How Do Restrictions on High-Skilled Immigration Affect Offshoring? Evidence from the H-1B Program
67 Pages Posted: 5 Apr 2020
Date Written: February 21, 2020
The decision to encourage or restrict high-skilled immigration has long been controversial. Advocates argue that high-skilled immigration is critical for firm competitiveness and innovation; critics argue that skilled immigrants displace native workers and drive down wages. The debate, however, has largely overlooked the secondary consequences of restrictions on high-skilled hiring of immigrants: multinational firms faced with decreased access to visas for skilled workers have an offshoring option, namely, hiring the foreign labor they need at their foreign affiliates. This paper documents the impact of restrictive high-skilled immigration policies on the offshoring of high-skilled jobs by US multinational companies using a unique matched firm-level dataset of H-1B visas and multinational firm activity and two different identification strategies. Both strategies yield the same result: that restrictions on H-1B immigration caused increases in foreign affiliate employment at both the intensive (US multinationals employed more people at their foreign affiliates) and the extensive (US multinationals opened more foreign affiliates) margins. The effects are concentrated among highly H-1B-dependent firms and R&D-intensive firms operating in offshorable services sectors, and the expansion of activity was concentrated in Canada, India, and China. The findings of the paper have important policy implications; the offshoring of jobs appears to be an unforeseen consequence of restricting skilled immigration flows. Even if H-1B immigrants displace some native workers, any policies that are motivated by concerns about the loss of native jobs should consider that these same policies have the unintended consequence of encouraging firms to offshore jobs abroad.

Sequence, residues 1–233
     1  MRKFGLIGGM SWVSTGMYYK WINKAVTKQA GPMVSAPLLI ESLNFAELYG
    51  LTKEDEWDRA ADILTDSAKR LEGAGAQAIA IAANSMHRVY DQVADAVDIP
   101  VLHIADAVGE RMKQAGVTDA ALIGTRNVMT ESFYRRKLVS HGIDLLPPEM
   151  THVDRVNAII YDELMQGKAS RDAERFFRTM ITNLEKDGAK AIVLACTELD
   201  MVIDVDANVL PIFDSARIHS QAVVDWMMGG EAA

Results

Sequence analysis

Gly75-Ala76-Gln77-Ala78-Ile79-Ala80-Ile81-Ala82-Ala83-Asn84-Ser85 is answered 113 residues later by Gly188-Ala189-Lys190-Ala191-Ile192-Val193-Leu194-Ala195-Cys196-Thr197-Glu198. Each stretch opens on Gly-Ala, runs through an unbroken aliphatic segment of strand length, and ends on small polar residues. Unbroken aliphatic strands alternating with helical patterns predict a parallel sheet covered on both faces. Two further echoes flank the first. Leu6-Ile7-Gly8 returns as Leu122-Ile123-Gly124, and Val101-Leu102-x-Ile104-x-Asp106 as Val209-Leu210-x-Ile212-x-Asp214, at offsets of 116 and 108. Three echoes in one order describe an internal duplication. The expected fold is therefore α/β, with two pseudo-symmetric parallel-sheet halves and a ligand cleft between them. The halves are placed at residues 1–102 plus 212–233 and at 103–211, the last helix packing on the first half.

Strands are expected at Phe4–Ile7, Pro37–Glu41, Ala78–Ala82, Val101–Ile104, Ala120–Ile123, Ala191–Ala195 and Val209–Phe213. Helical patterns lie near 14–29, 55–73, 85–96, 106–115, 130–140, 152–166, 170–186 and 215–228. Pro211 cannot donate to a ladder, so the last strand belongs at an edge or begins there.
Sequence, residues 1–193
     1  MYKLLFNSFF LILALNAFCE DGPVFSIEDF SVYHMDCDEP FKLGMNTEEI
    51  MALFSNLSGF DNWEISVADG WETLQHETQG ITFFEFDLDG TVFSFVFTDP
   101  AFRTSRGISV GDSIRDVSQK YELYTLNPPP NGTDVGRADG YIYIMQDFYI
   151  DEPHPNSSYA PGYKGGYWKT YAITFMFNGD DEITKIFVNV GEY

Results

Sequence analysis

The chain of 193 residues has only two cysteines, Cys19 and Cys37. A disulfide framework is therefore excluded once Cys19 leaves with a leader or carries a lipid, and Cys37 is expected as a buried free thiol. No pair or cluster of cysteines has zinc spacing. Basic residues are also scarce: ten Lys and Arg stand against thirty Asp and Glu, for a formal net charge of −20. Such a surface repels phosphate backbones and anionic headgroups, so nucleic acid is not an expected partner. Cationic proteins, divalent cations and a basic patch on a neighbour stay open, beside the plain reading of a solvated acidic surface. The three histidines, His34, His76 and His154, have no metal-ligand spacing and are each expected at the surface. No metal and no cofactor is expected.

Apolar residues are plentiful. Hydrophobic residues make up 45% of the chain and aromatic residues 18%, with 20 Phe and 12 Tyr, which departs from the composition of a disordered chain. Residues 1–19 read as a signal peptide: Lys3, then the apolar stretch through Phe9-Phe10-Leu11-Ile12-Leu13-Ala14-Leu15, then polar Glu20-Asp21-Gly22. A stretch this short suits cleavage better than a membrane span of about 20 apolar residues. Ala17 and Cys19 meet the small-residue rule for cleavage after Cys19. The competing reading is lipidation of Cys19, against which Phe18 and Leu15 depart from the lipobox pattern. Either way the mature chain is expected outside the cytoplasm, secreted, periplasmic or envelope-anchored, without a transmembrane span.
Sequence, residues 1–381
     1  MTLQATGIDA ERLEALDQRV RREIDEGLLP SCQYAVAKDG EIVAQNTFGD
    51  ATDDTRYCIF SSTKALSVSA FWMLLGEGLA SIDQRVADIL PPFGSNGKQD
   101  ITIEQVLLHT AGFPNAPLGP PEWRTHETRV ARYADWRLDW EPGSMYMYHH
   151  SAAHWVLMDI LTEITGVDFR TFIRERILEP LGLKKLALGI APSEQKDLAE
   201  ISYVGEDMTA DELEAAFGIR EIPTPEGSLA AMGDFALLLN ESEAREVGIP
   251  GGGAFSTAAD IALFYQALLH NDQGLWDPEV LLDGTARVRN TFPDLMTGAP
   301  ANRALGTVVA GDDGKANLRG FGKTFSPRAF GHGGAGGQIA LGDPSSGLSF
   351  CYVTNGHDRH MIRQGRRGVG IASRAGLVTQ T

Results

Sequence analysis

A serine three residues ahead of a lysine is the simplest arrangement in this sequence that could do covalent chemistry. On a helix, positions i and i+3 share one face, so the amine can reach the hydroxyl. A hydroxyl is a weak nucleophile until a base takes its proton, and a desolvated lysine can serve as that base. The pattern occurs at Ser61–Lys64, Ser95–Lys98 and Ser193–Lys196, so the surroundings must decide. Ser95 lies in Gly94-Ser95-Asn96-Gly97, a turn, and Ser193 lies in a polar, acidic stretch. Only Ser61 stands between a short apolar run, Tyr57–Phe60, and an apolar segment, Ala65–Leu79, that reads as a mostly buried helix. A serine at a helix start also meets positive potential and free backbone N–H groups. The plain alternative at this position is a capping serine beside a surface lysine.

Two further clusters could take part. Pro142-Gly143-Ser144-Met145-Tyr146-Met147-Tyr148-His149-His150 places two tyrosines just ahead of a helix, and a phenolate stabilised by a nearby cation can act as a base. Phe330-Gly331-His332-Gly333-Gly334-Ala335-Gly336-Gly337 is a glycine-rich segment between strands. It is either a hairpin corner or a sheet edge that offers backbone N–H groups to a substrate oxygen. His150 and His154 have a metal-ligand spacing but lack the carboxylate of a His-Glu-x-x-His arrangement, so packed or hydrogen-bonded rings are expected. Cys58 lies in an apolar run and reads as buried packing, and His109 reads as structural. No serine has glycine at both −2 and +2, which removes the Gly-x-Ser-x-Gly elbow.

Keywords: high-skill immigration, offshoring, H-1B, multinational companies
JEL Classification: F16, F22, F23, O3, J61
Suggested Citation: Suggested Citation